Work starts to get 91-year-old steam train back on track
A DEDICATED team of volunteers has begun work to restore a historic steam train back to its former glory in time for its 100th birthday.
Locomotive 761, built in 1928 by engineering firm Walkers Limited, is now in possession of Swanbank-based Queensland Pioneer Steam Railway and has been sitting dormant in a park out west for 50 years.
After negotiations with Maranoa Regional Council and the people of Mitchell over the course of the past three years, it was agreed it would move to Ipswich for another lease on life.
The council surveyed the community and found the majority of residents wanted to see it restored, even though it will be a sorely-missed part of the community.
In exchange, a cab, carriage and miniature train were sent west.
The cab taken from a Southport C17 train could find its home in Mitchell's Memorial Park.
It has been named Booringa after the former shire which encompassed Mitchell before amalgamation.
The word means "fire and water" in the local Gunggari languages; an appropriate moniker for a steam train.
QPSR chairman Robert Shearer said non-destructive testing will be undertaken for the next year and a half and the train was in surprisingly good condition.
"The locals are very passionate about the engine, it's been part of their history for the last 50 years," he said.
"The platework was beginning to disintegrate.
"In a locomotive restoration point of view, that's a fairly small thing but for a council to rebuild and a community to get behind it, it's a rather expensive proposition.
"The job's looking like it's not going to be as onerous as we thought it would be to get it going. The big ticket components such as the boiler and the frame are so far coming up with no major concerns so hopefully it will be a fairly straightforward restoration."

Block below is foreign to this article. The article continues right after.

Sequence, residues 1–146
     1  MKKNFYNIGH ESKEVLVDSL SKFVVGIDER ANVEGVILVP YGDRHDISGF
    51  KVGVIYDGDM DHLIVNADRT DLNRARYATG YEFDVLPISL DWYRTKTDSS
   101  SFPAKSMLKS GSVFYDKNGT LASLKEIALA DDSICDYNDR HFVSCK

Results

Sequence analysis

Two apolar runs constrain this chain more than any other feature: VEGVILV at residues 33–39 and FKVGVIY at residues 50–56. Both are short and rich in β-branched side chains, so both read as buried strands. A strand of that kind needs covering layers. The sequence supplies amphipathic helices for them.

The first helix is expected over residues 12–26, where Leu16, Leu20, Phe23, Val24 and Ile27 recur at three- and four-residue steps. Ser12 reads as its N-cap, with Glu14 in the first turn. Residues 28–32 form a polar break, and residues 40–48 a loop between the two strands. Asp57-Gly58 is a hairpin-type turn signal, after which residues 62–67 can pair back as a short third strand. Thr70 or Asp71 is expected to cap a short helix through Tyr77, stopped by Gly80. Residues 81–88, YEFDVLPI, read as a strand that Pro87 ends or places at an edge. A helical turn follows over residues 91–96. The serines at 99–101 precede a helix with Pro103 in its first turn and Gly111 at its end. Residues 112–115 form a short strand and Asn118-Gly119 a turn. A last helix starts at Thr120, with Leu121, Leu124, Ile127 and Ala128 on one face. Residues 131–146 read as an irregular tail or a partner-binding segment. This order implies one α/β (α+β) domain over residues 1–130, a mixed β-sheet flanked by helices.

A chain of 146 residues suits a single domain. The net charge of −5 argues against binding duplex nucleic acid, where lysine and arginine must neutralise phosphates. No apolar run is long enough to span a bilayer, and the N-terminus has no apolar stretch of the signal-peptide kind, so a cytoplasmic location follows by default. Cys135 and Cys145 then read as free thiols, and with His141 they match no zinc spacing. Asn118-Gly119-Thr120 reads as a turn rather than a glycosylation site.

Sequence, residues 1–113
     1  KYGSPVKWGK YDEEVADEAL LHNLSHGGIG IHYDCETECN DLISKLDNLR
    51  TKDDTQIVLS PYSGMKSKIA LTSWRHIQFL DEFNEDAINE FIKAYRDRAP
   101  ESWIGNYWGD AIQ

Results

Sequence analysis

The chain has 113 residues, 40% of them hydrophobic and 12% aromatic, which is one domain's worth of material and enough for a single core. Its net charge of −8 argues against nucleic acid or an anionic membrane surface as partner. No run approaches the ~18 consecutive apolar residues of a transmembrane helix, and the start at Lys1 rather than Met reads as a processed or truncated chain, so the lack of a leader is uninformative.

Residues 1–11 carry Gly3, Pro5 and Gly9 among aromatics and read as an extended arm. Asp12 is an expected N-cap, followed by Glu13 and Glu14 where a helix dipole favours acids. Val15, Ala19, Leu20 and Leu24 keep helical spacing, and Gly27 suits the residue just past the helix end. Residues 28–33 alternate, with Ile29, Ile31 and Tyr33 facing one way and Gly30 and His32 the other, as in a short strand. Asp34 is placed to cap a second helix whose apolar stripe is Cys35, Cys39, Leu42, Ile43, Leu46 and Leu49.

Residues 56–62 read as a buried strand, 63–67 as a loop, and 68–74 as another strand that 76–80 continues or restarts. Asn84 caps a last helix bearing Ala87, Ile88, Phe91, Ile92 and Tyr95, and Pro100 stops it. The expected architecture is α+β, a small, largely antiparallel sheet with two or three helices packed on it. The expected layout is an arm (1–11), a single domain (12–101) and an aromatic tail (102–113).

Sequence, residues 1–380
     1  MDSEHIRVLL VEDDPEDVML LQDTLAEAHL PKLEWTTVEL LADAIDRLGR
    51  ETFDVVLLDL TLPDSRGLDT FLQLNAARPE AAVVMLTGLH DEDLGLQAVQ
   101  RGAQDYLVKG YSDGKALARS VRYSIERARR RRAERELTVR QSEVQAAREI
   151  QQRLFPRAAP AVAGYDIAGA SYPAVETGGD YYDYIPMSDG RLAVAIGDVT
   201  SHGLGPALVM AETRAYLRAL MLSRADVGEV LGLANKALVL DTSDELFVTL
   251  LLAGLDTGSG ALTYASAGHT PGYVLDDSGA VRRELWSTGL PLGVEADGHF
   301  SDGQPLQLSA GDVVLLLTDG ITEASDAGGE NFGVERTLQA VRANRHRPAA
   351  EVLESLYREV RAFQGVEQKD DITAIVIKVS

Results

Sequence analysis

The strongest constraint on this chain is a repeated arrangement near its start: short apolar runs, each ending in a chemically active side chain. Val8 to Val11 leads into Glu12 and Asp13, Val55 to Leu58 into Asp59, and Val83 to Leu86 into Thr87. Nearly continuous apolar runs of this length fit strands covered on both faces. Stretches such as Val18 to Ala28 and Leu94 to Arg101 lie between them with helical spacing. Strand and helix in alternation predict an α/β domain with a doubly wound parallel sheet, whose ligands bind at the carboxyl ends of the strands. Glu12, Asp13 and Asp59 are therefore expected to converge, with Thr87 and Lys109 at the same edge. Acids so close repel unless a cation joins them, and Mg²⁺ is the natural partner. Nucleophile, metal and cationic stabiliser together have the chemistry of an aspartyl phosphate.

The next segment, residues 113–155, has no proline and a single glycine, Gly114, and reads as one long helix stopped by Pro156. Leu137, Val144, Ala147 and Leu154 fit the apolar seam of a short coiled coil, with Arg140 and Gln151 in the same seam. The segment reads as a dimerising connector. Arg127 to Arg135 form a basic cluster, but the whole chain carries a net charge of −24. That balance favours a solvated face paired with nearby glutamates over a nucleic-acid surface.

It will still take volunteers "working non-stop" for the next five or six years to get it moving once again and the group are seeking help to get it finished.
"It was an Ipswich-based engine for the past 10 years of its life," he said.
"It spent most of its existence on our branch line. It ended up down here in about the 1960s. It had a full rebuild less than nine months before being decommissioned. Apparently, it ran about 100km after that rebuild which explains why it's looking as good as it is.
"Structurally and mechanically because so many of the components were changed, and the Maranoa is a fairly dry region, it's been the perfect location for it to just maintain its structural integrity.
"If we're able to get local support from engineering companies or anyone with a shed, it will make things move faster. At the moment, we do rebuilds in a grassy field out the back of our shed. With more money we're able to outsource more parts."
Mr Shearer said the group had forged strong connections with the Mitchell community over the past three years of talks.
He met a woman in her 70s while the locomotive was being lifted on to a truck to be transported to Ipswich, who had watched it arrive in Mitchell 50 years before.
"We can't thank them enough for what they've allowed us to do," he said.
"I would have never thought to have gone out to Mitchell if it wasn't for all of this. I would go out there in a heart beat for a holiday because it's such a lovely part of the world with the most lovely people I think I've ever met.
"We're hoping this is the start of a very long friendship with that community."
Mr Shearer described the train being craned from the park as "one of the maddest moments of my life".
Some of the students at the nearby Mitchell State School who watched the train "flying" from their school oval are keen to come out and help on the restoration.
Mitchell residents will be offered free rides when it is operational.
To contact QPSR to assist, call 3103 0871.